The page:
Planning ahead: how the CRISP-M tool advances early climate action

A new digital tool combining scientific climate risk information with local and traditional knowledge is helping communities in India manage climate risks more effectively.

Raashee Abhilashi's picture
Guest blog by
5 January 2022

Raashee Abhilashi is national coordinator for IIED’s 'Enhancing climate resilience impacts of India’s social protection' programme; Ally Renton is a former senior coordinator in IIED’s Climate Change research group

An illustration of a man looking at his mobile phone

After a succcessful pilot, the CRISP-M tool is planned to roll-out in two districts and seven states in India (image from CRISP-M animation)

The Mahatma Gandhi National Rural Employment Guarantee Scheme (MGNREGS) is the world’s largest public works-based social protection scheme.

While evidence shows that MGNREGS is going some way to help communities in India cope with climate impacts, if the scheme integrates climate risk information in its planning, implementation and monitoring, it has the potential to increase communities’ resilience to climate change by taking early action to address climate impacts. 

IIED and the Madhya Pradesh Council of Science and Technology (MPSCT) have co-developed the Climate Resilience Information System and Planning tool for MGNREGS (CRISP-M). The mobile and web-based tool was launched in October by India’s minister for rural development Shri Giriraj Singh, and the UK’s Foreign, Commonwealth & Development Office minister Lord Tariq Ahmad. 

CRISP-M has already been successfully piloted in 18 village panchayats of Niwali Block in Badwani, Madhya Pradesh and has been endorsed by India’s rural development ministry with planned roll-out in two districts and seven states.

How does CRISP-M work?

The tool is designed to facilitate climate risk-informed geographic information system (GIS) planning, decision making and monitoring for MGNREGS through three core components:

  1. Drought early warning system: this feature establishes thresholds which declare drought in the initial stages based on real time climate data and remote sensing data. This enables decision makers to initiate drought declaration processes and planning measures for 50 additional days of labour work.
     
  2. GIS-assisted asset planning: this feature enables long term decision making by integrating ten layers of GIS along with historical and projected climate data. This feature is accessible to local communities via an easy-to-use mobile app. Communities can modify and update plans – such as which water conservation or harvesting structures to create − based on their local and traditional knowledge.
     
  3. Community-based planning and monitoring: this feature allows the community to access  data on MGNREGS natural resource management assets, such as where the assets are, and who is benefiting. This feature empowers communities by enabling them to monitor progress.

    Using the tool, communities can turn their needs and priorities into collective action. CRISP-M thus seamlessly uses a bottom-up approach alongside traditional top-down approaches to achieve its objective.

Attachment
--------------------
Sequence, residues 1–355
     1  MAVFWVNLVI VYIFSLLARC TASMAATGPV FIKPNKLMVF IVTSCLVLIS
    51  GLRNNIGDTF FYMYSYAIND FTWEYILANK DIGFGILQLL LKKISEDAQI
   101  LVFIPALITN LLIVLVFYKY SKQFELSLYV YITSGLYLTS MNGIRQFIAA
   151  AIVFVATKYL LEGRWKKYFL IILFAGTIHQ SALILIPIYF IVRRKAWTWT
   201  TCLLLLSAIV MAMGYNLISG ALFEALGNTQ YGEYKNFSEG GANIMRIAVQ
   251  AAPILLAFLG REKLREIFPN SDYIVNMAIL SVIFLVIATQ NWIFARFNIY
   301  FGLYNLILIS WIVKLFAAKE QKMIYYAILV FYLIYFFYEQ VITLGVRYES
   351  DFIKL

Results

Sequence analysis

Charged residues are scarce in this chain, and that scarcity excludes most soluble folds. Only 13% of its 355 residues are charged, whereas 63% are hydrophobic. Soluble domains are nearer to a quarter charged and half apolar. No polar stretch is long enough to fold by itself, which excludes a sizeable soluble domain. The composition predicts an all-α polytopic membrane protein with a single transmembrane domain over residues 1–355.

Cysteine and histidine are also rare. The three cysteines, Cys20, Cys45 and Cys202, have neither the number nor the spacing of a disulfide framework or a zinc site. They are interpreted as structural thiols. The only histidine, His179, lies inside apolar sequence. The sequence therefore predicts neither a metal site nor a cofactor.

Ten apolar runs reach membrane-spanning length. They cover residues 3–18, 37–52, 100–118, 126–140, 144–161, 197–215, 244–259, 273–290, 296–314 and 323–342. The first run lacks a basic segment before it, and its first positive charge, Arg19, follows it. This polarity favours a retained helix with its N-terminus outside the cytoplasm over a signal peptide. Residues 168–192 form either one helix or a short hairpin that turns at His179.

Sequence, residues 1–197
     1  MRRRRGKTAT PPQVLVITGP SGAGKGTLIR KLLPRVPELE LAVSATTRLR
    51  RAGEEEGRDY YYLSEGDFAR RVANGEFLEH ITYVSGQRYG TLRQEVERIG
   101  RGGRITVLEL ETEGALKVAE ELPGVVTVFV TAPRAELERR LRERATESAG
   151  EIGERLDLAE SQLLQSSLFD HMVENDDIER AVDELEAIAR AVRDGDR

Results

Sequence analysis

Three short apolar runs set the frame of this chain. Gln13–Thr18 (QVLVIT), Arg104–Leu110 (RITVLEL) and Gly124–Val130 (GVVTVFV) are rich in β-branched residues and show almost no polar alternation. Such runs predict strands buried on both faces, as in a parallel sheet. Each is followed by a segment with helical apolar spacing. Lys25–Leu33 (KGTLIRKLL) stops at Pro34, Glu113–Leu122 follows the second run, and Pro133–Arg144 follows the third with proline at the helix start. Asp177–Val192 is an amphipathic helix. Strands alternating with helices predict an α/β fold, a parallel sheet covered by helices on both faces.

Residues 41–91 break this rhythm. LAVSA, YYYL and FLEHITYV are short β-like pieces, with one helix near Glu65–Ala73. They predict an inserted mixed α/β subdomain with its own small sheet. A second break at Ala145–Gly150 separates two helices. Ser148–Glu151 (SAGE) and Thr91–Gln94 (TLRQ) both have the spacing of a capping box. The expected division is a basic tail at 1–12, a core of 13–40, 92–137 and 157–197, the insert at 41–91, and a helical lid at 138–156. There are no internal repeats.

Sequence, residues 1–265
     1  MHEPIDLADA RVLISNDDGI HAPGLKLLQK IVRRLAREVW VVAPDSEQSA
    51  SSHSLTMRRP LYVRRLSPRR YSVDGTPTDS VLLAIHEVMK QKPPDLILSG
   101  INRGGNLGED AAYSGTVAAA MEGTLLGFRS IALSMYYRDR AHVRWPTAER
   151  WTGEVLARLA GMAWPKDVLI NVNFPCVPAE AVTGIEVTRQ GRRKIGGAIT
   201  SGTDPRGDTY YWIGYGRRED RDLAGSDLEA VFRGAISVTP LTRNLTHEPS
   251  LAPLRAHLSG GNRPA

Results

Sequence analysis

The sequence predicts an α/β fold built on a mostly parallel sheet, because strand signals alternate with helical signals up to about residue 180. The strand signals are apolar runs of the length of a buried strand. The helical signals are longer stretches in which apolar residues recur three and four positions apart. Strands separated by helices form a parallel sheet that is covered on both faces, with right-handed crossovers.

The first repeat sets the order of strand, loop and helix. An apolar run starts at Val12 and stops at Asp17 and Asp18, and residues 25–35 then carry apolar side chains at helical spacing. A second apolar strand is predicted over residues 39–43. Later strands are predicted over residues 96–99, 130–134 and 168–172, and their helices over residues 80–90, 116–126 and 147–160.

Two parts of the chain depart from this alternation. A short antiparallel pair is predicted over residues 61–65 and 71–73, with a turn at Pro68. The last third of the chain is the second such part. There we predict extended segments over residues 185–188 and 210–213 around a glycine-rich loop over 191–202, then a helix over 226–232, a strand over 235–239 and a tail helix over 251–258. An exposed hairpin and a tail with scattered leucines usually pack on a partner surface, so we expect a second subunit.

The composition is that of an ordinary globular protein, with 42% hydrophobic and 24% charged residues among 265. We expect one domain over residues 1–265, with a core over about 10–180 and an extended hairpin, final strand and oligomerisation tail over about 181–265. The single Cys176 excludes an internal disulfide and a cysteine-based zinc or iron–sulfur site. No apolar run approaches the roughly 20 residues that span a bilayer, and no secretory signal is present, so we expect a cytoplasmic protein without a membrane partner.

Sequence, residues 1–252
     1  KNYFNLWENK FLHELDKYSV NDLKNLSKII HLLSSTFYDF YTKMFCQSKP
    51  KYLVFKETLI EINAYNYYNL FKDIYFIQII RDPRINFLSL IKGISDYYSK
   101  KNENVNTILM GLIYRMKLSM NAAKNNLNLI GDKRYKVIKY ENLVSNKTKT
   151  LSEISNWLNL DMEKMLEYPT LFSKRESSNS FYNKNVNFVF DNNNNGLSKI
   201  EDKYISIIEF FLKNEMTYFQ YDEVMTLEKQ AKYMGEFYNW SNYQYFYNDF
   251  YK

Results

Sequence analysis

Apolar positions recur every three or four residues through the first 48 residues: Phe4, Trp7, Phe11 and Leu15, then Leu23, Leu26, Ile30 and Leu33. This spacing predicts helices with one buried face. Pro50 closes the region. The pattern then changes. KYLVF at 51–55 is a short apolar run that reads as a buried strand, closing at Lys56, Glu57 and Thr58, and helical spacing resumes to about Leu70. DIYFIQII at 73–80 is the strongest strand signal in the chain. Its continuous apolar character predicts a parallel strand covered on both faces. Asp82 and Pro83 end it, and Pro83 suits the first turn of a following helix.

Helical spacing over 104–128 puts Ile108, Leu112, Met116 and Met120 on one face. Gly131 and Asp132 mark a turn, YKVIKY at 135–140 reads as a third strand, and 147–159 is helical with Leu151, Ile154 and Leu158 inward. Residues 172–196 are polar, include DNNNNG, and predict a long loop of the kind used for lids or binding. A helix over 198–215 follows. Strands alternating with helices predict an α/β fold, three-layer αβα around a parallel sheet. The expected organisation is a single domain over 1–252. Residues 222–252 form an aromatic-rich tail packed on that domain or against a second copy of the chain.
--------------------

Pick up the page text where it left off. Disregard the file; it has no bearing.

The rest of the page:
Community participation is key

The impacts of climate change and the capacity of local communities to adapt in the aftermath of these impacts is location-specific and also depends on the ability and willingness of the community to adapt – this means communities being fully aware of their vulnerability to climate impacts.

Therefore, community participation is a key facet when developing any tool aimed at building the capacity of communities to better respond to climate impacts.

Drawing on community input and feedback, CRISP-M has been designed to put hands-on community participation front and centre. By ensuring community participation and buy-in, the tool makes communities aware of all the various options available to them during various planning stages, such as during the construction of a check dam or dyke.

COP26 and early warning early action

Despite the escalation of climate change over the past 50 years with impacts that are intensifying rapidly, the UNFCCC did not recognise the importance of early warning systems until adoption of the Cancun Adaptation Framework in 2010. COP26 in Glasgow saw a strong call for more planning and finance for early warning systems, with the major thrust being behind risk-informed early action.

The following are key requirements for implementing risk-informed early action:

  1. Availability of reliable early warning systems (EWS): these systems are a prerequisite for providing early warning to governments and communities of impending and ever-changing weather changes that lead to damaging climatic events.
  2. Initiating early action based on EWS: based on analysis and subsequent early warning of impending disasters predicted by EWS, early action can be initiated to mitigate the consequences. This would provide an ‘early mover’ advantage that could help minimise damage to lives and property.

Easy to use, ready for roll-out 

The advantages of combining scientific climate risk information, methods, practices and technology with community level planning process, traditional knowledge, practices and skills cannot be over emphasised. 

The CRISP-M tool integrates all these elements in a simple, easy to use interface. It can be used not only by organisations but by local communities themselves to prepare in advance for tackling extreme climatic events, especially ‘slow onset’ events such as droughts.

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